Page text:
Working on a Special Day, based on Una Giornata Paricolare by Ettore Scola, Ruggero Maccari and adapted by Gigliola Fantoni; translation by Danya Taymore, Ana Graham and Daniel Gimenez Cacho. Directed and performed by Ana Graham and Antonio Vega. Reviewed by J. Peter Bergman
I don't want to be alone in this place I hate."
Movies are a two dimensional form. Even showing real life in real time the result is uncomfortably flat. Live theater adds the third dimension bringing a visual reality to the sometimes artificial form of dialogue and action. "Working on a Special Day," the play on stage at Barrington Stage Company's intimate space, the St. Germain Stage, is a film brought to life by two extremely talented Mexican actors who transform the stage into a two-dimensional world with depth and force. They amaze us with chalk. They create the world of Rome, Italy in 1938 out of two chairs, two tables and pockets full of white, schoolroom chalk. It's amazing.
The film on which this play is based, Ettore Scola's 1977 gem of a Sophia Loren and Marcello Mastroianni movie, Una Giornata Particolare, a film that was nominated for two Academy Awards and won a host of others including Italian Golden Globes for both the stars, is relatively unknown. It is the oddly tender tale of two adults in an apartment complex in Rome who are left to their own devices on the day when Hitler comes to meet Mussolini in a very public ceremony. Wife and mother Antonietta accidentally lets the family parrot out of its cage and in pursuit of it meets a mysterious man upstairs, Gabriele. It would be simplistic to say that the two of them naturally fall in love and have an affair. It would be right and it would be wrong. Much more happens between them.
In this stage version, created by the two actors, they play a total of ten people and a bird. Ana Graham and Antonio Vega are perhaps the most available actors you will come by. They are in the lobby before the show chatting with people. They spend the first seven minutes of the play (after they chat with Julianne Boyd in front of you) engaging in small talk with the audience and between themselves as they set the stage for scene one and change into their performance costumes. They move into the play with the knowledge that we know who they are and that we are now ready to know the characters they will play.
They use the white chalk to draw the elements of the play that we need to see - open windows, a bird-cage, a broken lamp, for example, and they erase what is no longer needed. This is a unique form of chiaroscura theater that, through the reality of their artwork, now and then threatens to break the reality of their acting. However in this ideal setting of the small, intimate St. German Theatre, the principal characters never leave us even when they are being taken offstage to transport themselves to other places or become other characters.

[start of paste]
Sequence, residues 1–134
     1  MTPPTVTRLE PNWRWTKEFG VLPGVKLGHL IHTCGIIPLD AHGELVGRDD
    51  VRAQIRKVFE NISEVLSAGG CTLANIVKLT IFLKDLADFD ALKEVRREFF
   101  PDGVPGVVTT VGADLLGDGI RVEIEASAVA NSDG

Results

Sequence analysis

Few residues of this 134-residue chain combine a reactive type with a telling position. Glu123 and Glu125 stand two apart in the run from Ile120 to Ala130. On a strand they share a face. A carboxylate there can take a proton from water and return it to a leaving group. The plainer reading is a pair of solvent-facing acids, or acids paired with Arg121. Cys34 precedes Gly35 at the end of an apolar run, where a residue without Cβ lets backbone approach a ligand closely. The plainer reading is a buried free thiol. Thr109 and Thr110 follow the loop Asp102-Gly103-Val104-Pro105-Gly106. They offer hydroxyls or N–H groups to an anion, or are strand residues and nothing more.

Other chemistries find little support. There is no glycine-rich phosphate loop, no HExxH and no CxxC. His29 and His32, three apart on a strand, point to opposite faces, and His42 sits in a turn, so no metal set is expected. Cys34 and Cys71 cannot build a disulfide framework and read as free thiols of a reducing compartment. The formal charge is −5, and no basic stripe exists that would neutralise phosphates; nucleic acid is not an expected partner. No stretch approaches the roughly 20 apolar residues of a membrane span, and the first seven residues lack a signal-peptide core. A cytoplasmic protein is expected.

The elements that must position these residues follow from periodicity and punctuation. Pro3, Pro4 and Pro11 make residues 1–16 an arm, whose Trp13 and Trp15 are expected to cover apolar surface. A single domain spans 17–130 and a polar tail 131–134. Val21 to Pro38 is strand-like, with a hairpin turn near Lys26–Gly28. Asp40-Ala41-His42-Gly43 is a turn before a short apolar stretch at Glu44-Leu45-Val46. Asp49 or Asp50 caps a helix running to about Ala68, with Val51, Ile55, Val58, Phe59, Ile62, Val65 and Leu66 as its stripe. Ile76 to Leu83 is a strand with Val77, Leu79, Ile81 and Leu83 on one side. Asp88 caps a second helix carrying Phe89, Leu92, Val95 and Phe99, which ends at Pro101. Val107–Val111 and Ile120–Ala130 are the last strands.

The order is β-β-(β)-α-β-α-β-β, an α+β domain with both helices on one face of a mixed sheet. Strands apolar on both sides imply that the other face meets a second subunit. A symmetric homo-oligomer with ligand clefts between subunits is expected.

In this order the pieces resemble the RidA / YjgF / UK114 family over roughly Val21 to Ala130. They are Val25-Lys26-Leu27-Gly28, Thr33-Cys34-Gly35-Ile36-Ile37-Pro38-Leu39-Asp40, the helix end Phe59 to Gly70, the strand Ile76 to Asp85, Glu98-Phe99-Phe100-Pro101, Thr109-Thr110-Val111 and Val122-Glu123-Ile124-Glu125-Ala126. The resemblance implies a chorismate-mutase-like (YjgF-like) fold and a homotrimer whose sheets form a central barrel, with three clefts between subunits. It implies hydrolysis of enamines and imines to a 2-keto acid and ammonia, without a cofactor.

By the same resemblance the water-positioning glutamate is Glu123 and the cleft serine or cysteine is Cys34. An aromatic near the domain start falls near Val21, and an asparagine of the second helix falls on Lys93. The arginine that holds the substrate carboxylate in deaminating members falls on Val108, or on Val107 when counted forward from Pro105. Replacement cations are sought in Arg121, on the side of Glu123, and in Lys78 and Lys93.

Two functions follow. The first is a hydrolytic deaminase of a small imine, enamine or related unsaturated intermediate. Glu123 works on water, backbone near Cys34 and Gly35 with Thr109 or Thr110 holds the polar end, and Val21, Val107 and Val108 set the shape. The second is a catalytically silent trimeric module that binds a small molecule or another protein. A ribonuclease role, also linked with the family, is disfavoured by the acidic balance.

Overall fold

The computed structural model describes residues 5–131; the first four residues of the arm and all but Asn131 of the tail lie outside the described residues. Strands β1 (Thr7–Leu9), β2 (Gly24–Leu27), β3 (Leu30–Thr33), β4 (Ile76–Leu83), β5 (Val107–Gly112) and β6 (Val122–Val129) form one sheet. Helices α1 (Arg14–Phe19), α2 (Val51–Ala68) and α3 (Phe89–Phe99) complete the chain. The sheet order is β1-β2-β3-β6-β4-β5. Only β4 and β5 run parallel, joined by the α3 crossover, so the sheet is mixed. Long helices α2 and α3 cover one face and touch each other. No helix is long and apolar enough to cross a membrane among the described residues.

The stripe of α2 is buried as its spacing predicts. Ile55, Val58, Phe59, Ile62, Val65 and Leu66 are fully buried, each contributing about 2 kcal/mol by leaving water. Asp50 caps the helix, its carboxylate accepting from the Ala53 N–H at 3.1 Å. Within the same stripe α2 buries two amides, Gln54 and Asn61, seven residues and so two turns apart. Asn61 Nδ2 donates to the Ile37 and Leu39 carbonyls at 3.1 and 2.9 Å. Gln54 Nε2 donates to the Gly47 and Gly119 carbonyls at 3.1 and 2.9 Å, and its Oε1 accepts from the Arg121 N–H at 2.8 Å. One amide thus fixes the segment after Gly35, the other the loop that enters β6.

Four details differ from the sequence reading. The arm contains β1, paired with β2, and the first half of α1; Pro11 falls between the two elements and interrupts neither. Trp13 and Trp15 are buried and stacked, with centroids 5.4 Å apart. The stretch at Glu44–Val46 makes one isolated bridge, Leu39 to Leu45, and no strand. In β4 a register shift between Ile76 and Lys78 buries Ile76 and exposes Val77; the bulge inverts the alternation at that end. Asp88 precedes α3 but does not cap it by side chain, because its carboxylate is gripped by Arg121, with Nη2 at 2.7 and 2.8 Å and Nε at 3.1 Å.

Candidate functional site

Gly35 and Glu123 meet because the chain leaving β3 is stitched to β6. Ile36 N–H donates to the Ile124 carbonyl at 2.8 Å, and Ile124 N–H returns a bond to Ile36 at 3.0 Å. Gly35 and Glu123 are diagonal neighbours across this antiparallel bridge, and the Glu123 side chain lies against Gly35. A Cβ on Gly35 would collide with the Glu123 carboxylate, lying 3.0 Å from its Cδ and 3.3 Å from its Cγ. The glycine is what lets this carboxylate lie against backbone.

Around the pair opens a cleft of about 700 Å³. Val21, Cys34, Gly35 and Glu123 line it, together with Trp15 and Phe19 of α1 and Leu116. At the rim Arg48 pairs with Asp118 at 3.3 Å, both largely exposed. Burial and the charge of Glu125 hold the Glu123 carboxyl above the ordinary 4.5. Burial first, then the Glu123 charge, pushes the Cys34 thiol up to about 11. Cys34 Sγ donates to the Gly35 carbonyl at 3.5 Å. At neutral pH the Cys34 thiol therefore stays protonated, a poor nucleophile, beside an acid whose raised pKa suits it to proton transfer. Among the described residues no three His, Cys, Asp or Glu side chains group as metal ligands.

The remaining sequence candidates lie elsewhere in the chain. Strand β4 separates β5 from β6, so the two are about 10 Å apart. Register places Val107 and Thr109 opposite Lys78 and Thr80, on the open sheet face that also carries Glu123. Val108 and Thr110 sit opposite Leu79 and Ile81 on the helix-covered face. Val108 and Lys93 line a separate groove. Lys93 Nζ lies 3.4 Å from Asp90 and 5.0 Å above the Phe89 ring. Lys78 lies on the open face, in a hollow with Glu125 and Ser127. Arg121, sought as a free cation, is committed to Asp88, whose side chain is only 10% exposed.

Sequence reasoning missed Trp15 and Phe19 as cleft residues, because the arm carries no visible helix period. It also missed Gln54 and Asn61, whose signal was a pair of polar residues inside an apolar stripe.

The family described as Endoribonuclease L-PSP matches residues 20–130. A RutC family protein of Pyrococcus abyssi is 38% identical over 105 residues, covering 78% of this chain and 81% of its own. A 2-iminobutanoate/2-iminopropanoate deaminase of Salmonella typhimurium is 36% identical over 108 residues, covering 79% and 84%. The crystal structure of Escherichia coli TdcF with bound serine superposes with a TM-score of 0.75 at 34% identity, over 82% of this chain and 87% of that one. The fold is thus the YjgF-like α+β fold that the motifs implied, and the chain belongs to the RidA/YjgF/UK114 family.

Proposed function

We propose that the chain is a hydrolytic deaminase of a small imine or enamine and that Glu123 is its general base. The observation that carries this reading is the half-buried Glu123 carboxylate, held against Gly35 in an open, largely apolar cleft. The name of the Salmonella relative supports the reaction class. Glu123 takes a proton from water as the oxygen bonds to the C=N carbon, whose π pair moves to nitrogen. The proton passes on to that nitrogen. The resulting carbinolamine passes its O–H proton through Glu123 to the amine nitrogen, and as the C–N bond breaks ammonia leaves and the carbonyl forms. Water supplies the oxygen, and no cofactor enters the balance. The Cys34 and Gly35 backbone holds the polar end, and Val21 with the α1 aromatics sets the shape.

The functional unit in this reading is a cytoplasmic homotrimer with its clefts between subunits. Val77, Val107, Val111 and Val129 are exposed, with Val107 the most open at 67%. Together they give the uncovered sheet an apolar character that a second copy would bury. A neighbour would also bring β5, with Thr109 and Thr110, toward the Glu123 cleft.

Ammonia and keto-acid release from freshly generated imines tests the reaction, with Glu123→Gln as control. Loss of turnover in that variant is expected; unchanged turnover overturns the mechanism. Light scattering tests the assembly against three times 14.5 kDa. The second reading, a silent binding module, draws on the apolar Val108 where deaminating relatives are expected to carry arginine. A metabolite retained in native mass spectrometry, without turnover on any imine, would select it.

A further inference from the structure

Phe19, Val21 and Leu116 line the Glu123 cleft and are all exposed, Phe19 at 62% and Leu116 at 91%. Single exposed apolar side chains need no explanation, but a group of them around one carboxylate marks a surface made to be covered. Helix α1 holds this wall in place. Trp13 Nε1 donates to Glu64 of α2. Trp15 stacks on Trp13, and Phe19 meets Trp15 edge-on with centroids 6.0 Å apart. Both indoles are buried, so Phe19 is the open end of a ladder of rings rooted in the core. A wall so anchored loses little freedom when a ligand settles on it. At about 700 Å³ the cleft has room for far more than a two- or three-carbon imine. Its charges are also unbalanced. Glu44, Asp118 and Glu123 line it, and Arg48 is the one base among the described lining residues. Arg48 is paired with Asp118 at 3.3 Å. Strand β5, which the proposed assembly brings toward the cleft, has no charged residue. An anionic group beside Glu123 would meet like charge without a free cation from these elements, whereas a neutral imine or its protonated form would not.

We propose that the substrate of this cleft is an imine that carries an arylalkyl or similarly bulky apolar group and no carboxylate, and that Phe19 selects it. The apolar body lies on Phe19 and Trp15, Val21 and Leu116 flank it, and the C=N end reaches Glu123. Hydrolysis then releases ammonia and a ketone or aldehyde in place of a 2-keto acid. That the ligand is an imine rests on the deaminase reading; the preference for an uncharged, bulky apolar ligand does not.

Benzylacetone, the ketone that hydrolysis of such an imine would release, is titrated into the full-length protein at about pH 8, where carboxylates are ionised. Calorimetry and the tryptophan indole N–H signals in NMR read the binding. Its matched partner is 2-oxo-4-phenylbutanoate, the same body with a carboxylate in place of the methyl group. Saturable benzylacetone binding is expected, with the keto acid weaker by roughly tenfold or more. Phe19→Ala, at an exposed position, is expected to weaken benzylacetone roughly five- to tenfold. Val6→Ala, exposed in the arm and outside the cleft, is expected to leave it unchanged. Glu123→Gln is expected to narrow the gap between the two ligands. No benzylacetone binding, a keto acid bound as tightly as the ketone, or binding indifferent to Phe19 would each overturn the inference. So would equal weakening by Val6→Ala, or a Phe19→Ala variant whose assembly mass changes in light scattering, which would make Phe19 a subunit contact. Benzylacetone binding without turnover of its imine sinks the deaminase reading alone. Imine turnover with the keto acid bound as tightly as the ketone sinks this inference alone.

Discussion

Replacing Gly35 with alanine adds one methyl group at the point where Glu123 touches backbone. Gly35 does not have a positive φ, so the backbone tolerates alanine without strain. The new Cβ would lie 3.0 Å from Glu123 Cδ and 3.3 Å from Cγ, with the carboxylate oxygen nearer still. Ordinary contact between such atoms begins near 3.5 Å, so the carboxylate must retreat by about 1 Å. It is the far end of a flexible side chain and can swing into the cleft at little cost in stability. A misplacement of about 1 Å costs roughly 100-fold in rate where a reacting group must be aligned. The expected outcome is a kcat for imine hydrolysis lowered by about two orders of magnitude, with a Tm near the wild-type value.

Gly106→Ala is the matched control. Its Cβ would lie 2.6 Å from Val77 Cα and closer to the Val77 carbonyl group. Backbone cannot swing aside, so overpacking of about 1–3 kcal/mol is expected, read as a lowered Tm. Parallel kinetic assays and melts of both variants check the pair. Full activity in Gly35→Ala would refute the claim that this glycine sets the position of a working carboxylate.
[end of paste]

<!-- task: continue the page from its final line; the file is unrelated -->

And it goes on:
Members of both the award-winning Mexican troupe, Por Piedad Teatro, and the New York-based The Play Company, Vega and Graham have learned their craft well and use these techniques to alter their three-dimensional space into a four dimensional experience. The simple art of storytelling transforms into direct contact with the minds of the audience. There is a sense of transfixion about the experience. Often in a good play, or movie, the audience is put into a "fly on the wall" place, observing action from a safe distance. Here the artists take us one step further into the experience itself. We are compelled through their actions to wonder, "what next?" over and over again. We are truly unable to take our eyes off the stage and its population. In the 76 minutes it takes to play the entire show a full day passes and we are allowed to escape at last as one final humiliation occurs and a drawn lamp is drawn out.
This is theatrical art at its most unique. It is also moving, an emotional firecracker of a play with every element a first time experience. This isn't a tour-de-force of a one-person play with every character emerging from a single source. This is, instead, a weirdly realistic realization of a personal, two-person play, played out in the pantheon of pre-WWII Rome with thousands of people within earshot. I can see them all now through those chalked-in windows, hear them in the hallway, and know that at any moment I will see them more clearly. That is the art that Ana Graham and Antonio Vega use and display and disport on this small Pittsfield stage.
I wouldn't have missed it for the world - not even for the world in which this play takes place.
Antonio Vega; photo: Kevin Sprague
Ana Graham; photo: Kevin Sprague
Graham and Vega; photo: Kevin Sprague
Working on a Special Day plays on the St. Germain Stage at Barrington Stage Company's Sydelle and Lee Blatt Performing Arts Center, located at 36 Linden Street, Pittsfield, MA through July 6. For information and tickets call the box office at 413-236-8888 or go on line at www.barringtonstageco.org.